The Mahadayi Water Dispute Tribunal in its verdict on Tuesday allowed Karnataka to utilise 13.4 thousand million cubic (TMC) feet of water from the river, while Goa got 24 TMC feet. The tribunal has allowed Karnataka to divert 2.18 TMC feet for the Bhandura dam and 1.72 TMC feet for the Kalsa dam, subject to conditions. In addition, Karnataka has been allowed 8.02 TMC feet for its Mahadayi Hydroelectric Project. Around 40 per cent of Karnataka’s demand for 36.55 TMC water has been met, while Goa got only 20 per cent of its demand of 122 TMC feet. The Goa government has hailed the tribunal verdict, but the opposition sees it as the state’s failure to get what was due. The Karnataka government has said their state has not been given full justice by the tribunal.
There are certain questions that need to be answered satisfactorily by the Goa government. The tribunal observed that Goa failed to conclusively place data on utilisation of the waters of the Mhadei River basin. The tribunal’s estimation of Goa’s water requirement, based on the responses of the Goa government to Karnataka’s interrogatories, was that Goa’s existing utilisation was 9.395 TMC feet. The tribunal said the Goa government did not contest its estimate; so they assumed it was accepted. Though Goa’s legal team claimed they had put up a foolproof defence to prevent diversion of water from the Mhadei basin, the tribunal observed that Goa failed to establish through scientific studies that any diversion of water outside the basin would adversely impact water resources including groundwater resources, river morphology, agriculture, irrigation and navigation. Goa also failed to establish conclusively through scientific studies that the impact of climate change and global warming would adversely impact the water resources of the Mhadei basin and consequently impact all related issues like river morphology, agriculture and irrigation. The tribunal also found faults with the profile of the identified 59 project sites, presented through detailed project reports by Goa, noting that they cannot be considered as “detailed project reports” as they are not based on requisite field investigations and studies. These were some of the key reasons why Goa could not stop Karnataka getting water for diversion as well as the Mahadayi Hydroelectric Project.
Of course, Goa does not own the Mhadei river and Karnataka deserves to get its due share of the waters. However, the question staring in Goa’s eye is whether the share given to Karnataka was far more than Goa can afford without endangering the survival of the Mandovi river and the ecological coordinates linked to the river. Goa needs to go back to work again. The government should arm itself with relevant data and scientific proofs to make a fresh case. Goa cannot let its core interests arising from the Mhadei river be buried after the award. The state should either go in for appeal before the Supreme Court against the tribunal order on its own or prepare a more solid and demanding defence, filling all the major lacunae pointed out by the tribunal.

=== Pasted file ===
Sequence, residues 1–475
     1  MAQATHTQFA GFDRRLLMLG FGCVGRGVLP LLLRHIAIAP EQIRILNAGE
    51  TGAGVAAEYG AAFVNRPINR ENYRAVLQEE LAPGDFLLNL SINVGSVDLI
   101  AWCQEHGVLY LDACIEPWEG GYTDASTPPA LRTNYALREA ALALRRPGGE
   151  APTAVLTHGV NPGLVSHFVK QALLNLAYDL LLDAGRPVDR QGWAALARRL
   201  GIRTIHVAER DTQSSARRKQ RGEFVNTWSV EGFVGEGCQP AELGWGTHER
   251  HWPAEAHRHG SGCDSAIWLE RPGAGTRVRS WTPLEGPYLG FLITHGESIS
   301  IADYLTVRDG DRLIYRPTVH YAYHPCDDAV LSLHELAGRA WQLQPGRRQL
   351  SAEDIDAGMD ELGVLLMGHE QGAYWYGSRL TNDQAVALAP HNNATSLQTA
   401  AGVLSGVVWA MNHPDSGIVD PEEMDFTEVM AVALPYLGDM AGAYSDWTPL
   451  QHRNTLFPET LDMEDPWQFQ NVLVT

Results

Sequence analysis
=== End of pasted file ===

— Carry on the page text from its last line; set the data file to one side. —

As the Goa government had promised they would not allow the Mhadei water to be diverted, they need to prove their commitment to this cause. If immediate action is not taken by the state authorities, Goans would have to wait until 2048 when the award could be revised or reviewed. Political parties should cease seeing the tribunal verdict with their partisan lens. It is very rare to find the main opposition party welcoming a verdict and the government of the day expressing unhappiness over it. But it has happened in Karnataka. Karnataka BJP president B S Yeddyurappa was the first to welcome the tribunal verdict. But the ministers of the JD(S)-Congress government in the state described the verdict as ‘partial victory’ and vowed to fight for fulfilment of their demand for ‘adequate share’ of the Mhadei river waters. As the main opposition party, the BJP in Karnataka was expected to use the opportunity to lampoon and lambast the JD(s)-Congress government for failing to get the state justice. The fact that they are not doing it might suggest that the BJP does not want to join Karnataka’s ‘partial victory’ brigades as that could bring pressure on them to get the ‘deserving share’ through the intervention of Prime Minister Narendra Modi. And that could acquire a negative traction for the Modi 2019 campaign if Modi would fail to get them the ‘deserving share’, which is more likely. However, Goa’s BJP-led government should not sacrifice Goa’s interests for any political gain.